CLUSTEREASY is a version of LATTICCEEASY designed to run in parallel on multiple computers. It is written using the the Message Passing Interface (MPI) libraries, which is the standard for parallel computing on distributed memory clusters. To use CLUSTEREASY you will need access to a computer cluster with MPI installed. (You can actually install and run MPI on a single processor machine for testing and debugging purposes, but to get any actual advantage in speed or memory you need to run it on multiple computers. )
If you are using a shared memory system (more than one processor with access to the same physical memory) you do not need to use CLUSTEREASY. Instead you can easily parallelize LATTICEEASY for such systems using the freely available OpenMP libraries. The only changes that you need to make to LATTICEEASY to use OpenMP is to include a new header file and add one line above each of the main evolution loops in evolution.cpp. See the documentation for OpenMP for more details.
The physical equations and computational algorithms used by CLUSTEREASY are the same as they are for LATTICEEASY, so we will assume in this section that you are already familiar with the use of LATTICEEASY. If you have any general questions about using LATTICEEASY you should start with the LATTICEEASY documentation, and then look here for issues specific to the parallel version.
The output of CLUSTEREASY is in the exact same format as it is for LATTICEEASY, so it can be read and plotted with the same plotting routines (e.g. the Mathematica notebooks provided with LATTICEEASY.) You can even use the grid images from a serial run to continue the run in parallel and vice-versa.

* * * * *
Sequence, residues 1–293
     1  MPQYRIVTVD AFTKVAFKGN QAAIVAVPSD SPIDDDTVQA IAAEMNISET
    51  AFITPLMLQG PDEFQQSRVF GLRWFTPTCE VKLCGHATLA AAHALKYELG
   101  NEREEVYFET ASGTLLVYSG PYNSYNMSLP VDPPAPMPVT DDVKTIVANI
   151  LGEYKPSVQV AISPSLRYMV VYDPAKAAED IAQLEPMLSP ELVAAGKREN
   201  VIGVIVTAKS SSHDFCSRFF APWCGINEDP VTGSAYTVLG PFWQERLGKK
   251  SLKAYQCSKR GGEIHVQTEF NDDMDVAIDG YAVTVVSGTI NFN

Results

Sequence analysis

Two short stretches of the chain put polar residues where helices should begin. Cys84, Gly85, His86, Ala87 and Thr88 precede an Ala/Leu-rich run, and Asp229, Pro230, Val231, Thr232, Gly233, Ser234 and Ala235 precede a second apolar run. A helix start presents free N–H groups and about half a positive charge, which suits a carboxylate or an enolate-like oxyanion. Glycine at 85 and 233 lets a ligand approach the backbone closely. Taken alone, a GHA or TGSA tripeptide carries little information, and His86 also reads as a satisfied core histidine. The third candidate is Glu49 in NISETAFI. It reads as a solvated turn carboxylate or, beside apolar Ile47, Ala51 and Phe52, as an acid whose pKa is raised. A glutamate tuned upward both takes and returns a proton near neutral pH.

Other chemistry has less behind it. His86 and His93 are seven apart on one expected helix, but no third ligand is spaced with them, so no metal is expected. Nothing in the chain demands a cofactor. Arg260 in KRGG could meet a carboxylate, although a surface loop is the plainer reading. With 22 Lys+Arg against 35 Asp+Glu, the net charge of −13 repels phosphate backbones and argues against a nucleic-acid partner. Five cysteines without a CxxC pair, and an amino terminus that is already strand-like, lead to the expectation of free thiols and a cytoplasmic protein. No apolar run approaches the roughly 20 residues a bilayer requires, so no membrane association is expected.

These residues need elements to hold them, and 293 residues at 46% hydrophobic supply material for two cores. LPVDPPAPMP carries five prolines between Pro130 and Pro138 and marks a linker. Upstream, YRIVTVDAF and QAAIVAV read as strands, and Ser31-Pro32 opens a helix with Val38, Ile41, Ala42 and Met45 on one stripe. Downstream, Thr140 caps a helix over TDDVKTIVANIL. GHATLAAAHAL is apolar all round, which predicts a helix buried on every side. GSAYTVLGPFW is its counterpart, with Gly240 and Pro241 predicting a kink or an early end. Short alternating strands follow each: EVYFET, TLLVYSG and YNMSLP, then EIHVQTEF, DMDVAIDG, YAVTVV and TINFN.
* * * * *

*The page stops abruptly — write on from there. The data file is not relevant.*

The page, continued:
The rest of this chapter describes the aspects of CLUSTEREASY that are different from LATTICEEASY. Obtaining, Compiling, and Running CLUSTEREASY describes how to obtain, compile, and run CLUSTEREASY. Implementation Notes describes the algorithm used for parallelization in CLUSTEREASY. Modifying Model Files for Use with CLUSTEREASY explains how to modify LATTICEEASY model files to work with CLUSTERREASY. Customizing CLUSTEREASY describes in more detail the new variables and functions you will need to write (or modify) customized output and/or initialization functions for CLUSTEREASY models. Finally, Accuracy Tests of CLUSTEREASY describes some of the tests that we have performed on CLUSTEREASY and explains why the output of CLUSTEREASY may in some cases look different from the output of LATTICEEASY (and why this shouldn't worry you).